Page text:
We didn't specifically say color or black and white. So this first image that we are looking at is in color. And if you haven't figured it out already, this is a reflector on the guardrail alongside a highway. And here we can see the guardrail extending into the distance. This was shot by a student named Ethan Yates. And what Ethan has done here is really pay attention to his full field of view and I don't mean full in terms of left and right, but depth. As we move through the world, it's very easy for us to focus our attention only on the plane where our subject lies.
We tend to focus on just this one plane and ignore everything in the background, but photos of course are two-dimensional. They get meshed flat and when they're meshed flat like this, there is a direct relationship between this circle and this line and it's difficult to shift your focus away from simply seeing on the plane where your subject is to seeing the relationship of objects in three dimensional space. And Ethan has done a great job of this right here. If he had shifted his position in different ways, the image wouldn't have worked so well.
If he had gotten down lower, then this circle would be here up amongst this vegetation in the background. What I like about his positioning here is the circle is serving to tie this graphic element into this graphic element. Our eye leads along this line. It either gets led into the scene or we see this first and find our way back out of the scene. Very nicely composed image. This is a shot by Marie Fleur and great visualization of foreground and background.
She has obviously mirrored the shape of the mountain in the curved shape of this water fountain. And again, it would be very easy to be standing at this scene, looking at the water fountain, and seeing only what lies on its plane and simply not recognizing that right there in the background is a repeating pattern-- another line that mirrors the line of the water. Now for this to work and be set up properly she has to position her camera very precisely. If she was standing up higher then the water would be down lower. If she was standing down lower then the water might intersect with the line of the mountain.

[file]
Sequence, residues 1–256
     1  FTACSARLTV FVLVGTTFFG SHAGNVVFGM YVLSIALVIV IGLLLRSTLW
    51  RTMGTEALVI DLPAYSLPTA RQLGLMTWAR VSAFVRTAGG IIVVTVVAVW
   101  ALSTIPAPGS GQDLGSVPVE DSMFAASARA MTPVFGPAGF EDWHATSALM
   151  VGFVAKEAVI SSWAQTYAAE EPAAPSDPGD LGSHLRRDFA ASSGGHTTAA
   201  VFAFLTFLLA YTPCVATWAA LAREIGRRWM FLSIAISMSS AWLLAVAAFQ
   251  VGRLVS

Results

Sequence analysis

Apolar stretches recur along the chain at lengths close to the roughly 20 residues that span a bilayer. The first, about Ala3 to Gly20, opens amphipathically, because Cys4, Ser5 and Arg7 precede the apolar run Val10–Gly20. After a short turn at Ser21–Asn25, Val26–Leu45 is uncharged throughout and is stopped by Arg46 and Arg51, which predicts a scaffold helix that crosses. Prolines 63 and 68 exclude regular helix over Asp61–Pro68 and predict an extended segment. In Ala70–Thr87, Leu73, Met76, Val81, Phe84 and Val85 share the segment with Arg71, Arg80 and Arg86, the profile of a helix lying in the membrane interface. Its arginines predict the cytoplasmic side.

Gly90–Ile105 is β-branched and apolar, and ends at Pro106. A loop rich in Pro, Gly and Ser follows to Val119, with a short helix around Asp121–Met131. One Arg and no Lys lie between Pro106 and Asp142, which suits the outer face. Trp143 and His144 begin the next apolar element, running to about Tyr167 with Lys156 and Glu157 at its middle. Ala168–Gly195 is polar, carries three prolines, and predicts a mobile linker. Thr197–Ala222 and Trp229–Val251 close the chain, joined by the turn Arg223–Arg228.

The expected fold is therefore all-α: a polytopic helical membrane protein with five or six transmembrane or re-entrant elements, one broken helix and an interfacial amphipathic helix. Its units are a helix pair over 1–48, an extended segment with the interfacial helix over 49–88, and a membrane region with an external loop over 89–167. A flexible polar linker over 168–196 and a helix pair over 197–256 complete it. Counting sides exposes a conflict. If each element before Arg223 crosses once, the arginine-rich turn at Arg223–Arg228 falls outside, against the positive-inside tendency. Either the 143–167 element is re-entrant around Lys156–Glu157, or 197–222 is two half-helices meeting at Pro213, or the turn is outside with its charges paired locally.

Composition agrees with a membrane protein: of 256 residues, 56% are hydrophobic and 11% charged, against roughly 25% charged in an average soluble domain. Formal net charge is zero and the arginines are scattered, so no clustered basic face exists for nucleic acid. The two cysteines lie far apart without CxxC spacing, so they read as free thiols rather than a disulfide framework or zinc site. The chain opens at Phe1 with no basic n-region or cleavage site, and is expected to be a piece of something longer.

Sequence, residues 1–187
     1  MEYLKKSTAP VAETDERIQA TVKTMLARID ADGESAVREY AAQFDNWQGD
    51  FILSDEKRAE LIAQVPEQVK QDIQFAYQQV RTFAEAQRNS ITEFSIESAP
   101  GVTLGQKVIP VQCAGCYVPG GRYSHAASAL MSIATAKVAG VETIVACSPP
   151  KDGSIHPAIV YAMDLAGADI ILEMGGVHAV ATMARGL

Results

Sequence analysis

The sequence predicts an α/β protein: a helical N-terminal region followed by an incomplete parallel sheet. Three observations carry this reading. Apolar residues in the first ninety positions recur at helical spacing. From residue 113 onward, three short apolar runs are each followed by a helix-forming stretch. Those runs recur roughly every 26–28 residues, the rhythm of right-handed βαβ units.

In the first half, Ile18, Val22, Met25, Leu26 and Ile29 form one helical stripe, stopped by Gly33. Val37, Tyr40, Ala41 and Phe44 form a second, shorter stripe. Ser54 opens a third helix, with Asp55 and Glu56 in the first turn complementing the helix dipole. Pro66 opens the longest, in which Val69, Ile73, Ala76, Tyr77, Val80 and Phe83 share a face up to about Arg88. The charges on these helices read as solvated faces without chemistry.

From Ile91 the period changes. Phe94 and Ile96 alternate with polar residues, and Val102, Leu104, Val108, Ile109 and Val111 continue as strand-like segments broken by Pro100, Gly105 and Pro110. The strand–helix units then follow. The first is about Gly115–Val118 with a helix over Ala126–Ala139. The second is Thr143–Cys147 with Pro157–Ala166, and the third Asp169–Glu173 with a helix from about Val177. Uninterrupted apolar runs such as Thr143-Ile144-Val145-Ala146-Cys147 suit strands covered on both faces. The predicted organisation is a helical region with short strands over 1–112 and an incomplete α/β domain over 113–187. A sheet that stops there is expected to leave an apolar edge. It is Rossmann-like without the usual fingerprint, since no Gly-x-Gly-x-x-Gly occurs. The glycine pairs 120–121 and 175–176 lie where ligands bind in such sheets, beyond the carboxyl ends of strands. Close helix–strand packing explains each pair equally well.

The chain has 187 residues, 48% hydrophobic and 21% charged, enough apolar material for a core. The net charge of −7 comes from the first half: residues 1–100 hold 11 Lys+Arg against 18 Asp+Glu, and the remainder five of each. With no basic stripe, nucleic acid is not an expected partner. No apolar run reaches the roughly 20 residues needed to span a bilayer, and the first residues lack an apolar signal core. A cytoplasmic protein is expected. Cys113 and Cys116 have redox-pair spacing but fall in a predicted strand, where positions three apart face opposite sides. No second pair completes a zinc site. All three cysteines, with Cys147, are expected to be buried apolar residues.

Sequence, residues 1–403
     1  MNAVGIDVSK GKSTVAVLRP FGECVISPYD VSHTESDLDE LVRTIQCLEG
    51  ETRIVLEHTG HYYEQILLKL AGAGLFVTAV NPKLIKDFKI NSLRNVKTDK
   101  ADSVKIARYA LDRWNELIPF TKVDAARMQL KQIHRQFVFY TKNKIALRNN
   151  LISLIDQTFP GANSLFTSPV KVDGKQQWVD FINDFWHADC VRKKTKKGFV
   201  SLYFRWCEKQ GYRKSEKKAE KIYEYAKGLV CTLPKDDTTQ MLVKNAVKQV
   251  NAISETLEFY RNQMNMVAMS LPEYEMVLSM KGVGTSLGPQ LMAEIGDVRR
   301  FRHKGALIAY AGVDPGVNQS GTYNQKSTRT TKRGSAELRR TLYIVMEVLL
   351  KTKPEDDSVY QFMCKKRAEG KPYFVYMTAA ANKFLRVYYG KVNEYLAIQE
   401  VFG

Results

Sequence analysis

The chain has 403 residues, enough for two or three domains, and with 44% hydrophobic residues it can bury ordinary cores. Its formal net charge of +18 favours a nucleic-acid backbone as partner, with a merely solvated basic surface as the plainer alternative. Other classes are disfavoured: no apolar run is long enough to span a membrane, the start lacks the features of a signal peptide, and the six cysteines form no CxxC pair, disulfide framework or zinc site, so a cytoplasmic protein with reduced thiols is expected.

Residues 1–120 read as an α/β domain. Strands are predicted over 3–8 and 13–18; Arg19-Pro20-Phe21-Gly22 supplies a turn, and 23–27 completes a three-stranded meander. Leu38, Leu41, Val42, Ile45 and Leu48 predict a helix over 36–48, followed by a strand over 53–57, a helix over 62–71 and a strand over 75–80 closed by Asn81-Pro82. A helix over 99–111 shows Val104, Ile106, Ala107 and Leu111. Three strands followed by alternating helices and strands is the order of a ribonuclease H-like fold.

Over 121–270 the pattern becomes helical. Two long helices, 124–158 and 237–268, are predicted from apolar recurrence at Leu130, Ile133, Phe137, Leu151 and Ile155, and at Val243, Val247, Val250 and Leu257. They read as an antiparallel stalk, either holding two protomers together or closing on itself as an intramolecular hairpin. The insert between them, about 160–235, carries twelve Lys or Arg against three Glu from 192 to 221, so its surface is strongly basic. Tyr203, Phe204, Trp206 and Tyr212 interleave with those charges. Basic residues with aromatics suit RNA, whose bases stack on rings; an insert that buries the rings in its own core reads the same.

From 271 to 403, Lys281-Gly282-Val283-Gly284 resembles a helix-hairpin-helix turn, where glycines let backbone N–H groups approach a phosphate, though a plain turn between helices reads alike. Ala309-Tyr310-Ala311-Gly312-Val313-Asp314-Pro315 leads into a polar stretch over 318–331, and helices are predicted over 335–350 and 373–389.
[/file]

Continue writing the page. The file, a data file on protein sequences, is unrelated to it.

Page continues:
Those might be interesting shots too. But to get this one where we've really got the repetition of these two lines, two lines that sit hundreds of yards apart from each other, to get that representation or that relationship going, she had to position her camera very carefully. Amber Griffith took this picture. I really, really like the mirrored shapes here, and this one is inverted. The fish is in upside-down version of the mountains, and the whole thing creates an overall sense of circle right here in the middle. And she has done a great job with her toning and adjustments of this image.
The light here on the dead fish is beautiful. Really excellent work. And again, she is seeing not just on the plane where her subject lies; she is seeing objects in the distance as graphic elements she can work with, and she is positioning her camera and her body such that they have a very particular relationship. This is a difficult thing to learn to pay attention to, but it's a great exercise. And learning to try to see the three dimensional world in more flat, straight, graphical representation is really going to open your eyes up to lots of new subject matter.